"A firefighter and a soldier in full gear bear the same load as a medieval armored fighter. Which one will perform best on the run?"
This is the bet proposed by Daniel Jaquet of the Centre d'Etudes Supérieures de la Renaissance (Center for Higher Studies of the Renaissance), a young medievalist with a strong interest in history of science and material culture in the early modern period.
Well, if you bid on the modern soldier you’d lose, and if you bid on the firefighter you’d win - but by a narrow margin only.
How can we be so sure?
Because Jacquet run an obstacle course wearing a XV century armor against a firefighter with his equipment and a modern soldier in full kit. The results: the firefighter was first with 180 seconds, the “knight” second with 190 seconds, and the soldier arrived last with 218 seconds.
Still skeptical? Jaquet released a video as part of a museum exhibition:
Same burden, different distribution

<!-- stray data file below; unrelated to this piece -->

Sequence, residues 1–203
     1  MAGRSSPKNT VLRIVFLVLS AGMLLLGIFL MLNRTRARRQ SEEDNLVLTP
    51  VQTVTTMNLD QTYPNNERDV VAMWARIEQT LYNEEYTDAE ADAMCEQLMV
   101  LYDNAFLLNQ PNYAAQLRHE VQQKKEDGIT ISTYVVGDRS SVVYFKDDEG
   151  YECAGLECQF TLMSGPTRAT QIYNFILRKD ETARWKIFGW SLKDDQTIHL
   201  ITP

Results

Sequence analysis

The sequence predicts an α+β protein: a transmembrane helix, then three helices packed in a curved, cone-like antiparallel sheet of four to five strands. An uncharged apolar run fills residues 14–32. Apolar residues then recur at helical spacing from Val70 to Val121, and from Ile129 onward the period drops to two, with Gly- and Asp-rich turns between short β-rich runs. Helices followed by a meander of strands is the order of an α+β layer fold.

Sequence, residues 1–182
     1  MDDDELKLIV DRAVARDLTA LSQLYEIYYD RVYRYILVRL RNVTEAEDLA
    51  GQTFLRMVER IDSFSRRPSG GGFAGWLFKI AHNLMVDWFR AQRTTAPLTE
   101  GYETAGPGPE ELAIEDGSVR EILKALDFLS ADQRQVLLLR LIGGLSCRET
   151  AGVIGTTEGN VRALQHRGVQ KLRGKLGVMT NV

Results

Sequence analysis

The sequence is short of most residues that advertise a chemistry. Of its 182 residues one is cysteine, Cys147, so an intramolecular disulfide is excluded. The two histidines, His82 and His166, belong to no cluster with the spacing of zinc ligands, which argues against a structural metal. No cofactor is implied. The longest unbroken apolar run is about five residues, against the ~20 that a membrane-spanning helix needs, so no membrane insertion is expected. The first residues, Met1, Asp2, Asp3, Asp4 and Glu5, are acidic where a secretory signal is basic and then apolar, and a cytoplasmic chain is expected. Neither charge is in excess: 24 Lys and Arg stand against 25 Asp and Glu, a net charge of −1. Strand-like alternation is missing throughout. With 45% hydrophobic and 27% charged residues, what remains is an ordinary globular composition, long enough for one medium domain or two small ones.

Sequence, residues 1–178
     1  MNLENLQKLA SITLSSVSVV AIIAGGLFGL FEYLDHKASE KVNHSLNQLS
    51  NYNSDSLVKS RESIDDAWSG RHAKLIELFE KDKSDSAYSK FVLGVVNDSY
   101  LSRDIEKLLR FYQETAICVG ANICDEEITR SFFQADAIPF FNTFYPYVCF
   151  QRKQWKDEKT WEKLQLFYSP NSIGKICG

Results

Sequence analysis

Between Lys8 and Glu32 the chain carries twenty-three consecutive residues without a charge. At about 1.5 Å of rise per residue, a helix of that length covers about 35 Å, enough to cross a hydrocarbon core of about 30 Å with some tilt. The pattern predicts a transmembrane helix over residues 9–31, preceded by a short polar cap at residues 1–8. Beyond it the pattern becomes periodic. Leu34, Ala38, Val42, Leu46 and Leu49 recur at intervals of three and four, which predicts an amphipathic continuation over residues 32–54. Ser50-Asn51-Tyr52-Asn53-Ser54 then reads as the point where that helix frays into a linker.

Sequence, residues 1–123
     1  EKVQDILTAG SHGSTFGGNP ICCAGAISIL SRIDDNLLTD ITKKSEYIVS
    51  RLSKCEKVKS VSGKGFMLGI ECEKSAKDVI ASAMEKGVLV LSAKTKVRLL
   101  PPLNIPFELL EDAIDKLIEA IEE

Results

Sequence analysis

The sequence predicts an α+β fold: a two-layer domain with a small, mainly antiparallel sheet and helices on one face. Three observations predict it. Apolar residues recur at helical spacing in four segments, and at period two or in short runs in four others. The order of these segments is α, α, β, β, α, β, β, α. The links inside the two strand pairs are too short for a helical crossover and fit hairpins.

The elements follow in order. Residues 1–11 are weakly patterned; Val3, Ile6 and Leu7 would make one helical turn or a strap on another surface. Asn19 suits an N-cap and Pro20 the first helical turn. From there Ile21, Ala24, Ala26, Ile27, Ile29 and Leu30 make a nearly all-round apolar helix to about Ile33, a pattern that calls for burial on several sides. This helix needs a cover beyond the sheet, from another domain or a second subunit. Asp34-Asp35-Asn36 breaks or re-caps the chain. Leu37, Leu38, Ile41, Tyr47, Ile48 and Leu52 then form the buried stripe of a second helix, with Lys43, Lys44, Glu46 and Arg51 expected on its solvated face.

“I have studied for 10 years how people in the late Middle Ages carried, fought and lived with it, from both a practical and scholarly point of view. I work with objects, documents and embodied knowledge in both academic and patrimonial institutions,” Jaquet writes on his own website.
This new study of experimental archaeology busts the myth that medieval knights couldn't move well in armor.
In reality, the burden is more or less the same of a modern infantryman, around 30 kg (or 60 lbs) – which shows how much soldiers of the XXI century are still hindered by their equipment, by the way.
The reason why a knight in full armor is in fact nimbler than a modern soldier is that while the knight’s armor is well-distributed over his body, the soldier’s burden is borne almost entirely on his back and shoulders. This is a serious drawback in terms of balance and mobility.
So, next time there’s an obstacle course and there are no firefighters around, you’d better bet on the guy in armor…